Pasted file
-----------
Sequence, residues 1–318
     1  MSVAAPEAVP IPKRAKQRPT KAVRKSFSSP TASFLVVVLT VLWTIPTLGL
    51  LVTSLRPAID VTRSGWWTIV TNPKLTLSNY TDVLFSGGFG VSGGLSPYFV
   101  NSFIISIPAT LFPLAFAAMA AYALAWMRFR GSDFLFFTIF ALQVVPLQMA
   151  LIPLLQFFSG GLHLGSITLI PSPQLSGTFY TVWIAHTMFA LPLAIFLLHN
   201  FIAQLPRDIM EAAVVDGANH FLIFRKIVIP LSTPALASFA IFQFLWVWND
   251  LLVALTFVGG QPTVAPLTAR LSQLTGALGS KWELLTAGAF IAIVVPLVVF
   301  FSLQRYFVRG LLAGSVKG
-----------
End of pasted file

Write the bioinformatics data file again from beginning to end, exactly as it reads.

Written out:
Sequence, residues 1–318
     1  MSVAAPEAVP IPKRAKQRPT KAVRKSFSSP TASFLVVVLT VLWTIPTLGL
    51  LVTSLRPAID VTRSGWWTIV TNPKLTLSNY TDVLFSGGFG VSGGLSPYFV
   101  NSFIISIPAT LFPLAFAAMA AYALAWMRFR GSDFLFFTIF ALQVVPLQMA
   151  LIPLLQFFSG GLHLGSITLI PSPQLSGTFY TVWIAHTMFA LPLAIFLLHN
   201  FIAQLPRDIM EAAVVDGANH FLIFRKIVIP LSTPALASFA IFQFLWVWND
   251  LLVALTFVGG QPTVAPLTAR LSQLTGALGS KWELLTAGAF IAIVVPLVVF
   301  FSLQRYFVRG LLAGSVKG